I land at Antigua's airport, where I'm greeted by warm sunshine, a long customs line and a man playing Bob Marley's "Three Little Birds" on a tin drum. All of these observations are ones I ache to tweet. When traveling alone, that's what I do. Even with a companion, I still tweet, then proudly chuckle when a witty friend takes my sarcasm ball and runs with it. Not this time. I am painfully aware of my self-imposed moratorium.
When I tell a tourism official I'm writing a story about "disconnecting to recharge," she smiles warmly. "You've come to the right place."
I share a taxi to my hotel with a Brooklyn woman who says with annoyance, "I'm disconnected because my iPhone gets no signal here." I arrive at the Keyonna Beach hotel to find my room helpfully has no TV, phone or clock. I immediately lock my BlackBerrys away in the safe. Operation Disconnect is moving full speed ahead.
At dinner, the woman at the table next to mine looks unfazed as her male companion checks his phone. I stop myself in mid-judgment, realizing that guy was me at every meal I've had for the past few years. Resisting the urge to cheat -- it's daunting dining alone, without an electronic companion -- I take out my journal and start writing about my day. So far, so good, I think.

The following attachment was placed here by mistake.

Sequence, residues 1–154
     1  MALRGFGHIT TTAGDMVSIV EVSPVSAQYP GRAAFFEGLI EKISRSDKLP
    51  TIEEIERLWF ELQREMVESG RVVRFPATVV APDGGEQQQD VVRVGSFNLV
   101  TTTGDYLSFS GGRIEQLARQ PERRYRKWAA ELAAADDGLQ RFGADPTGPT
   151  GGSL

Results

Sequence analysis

Breakfast is croissants, fruit and the kind of coffee that's so good it turns you into one of those cranky people who's always lamenting the scarcity of a decent cup of coffee. Perfect, yes? No. I have no idea what the world is tweeting this morning. And that's not the only problem. I'm restless.
In the seconds after I announced my moratorium on Day 1, a Facebook friend wrote on my wall: "It's awkward at first, but you'll start to enjoy being disconnected fairly quickly."
I had wondered: Why awkward? Now I knew. I'm without a social crutch -- one that allows me to engage with the world, even when I'm alone. In a place known for its pristine beaches, I constantly feel the impulse to share my surroundings with my friends and family.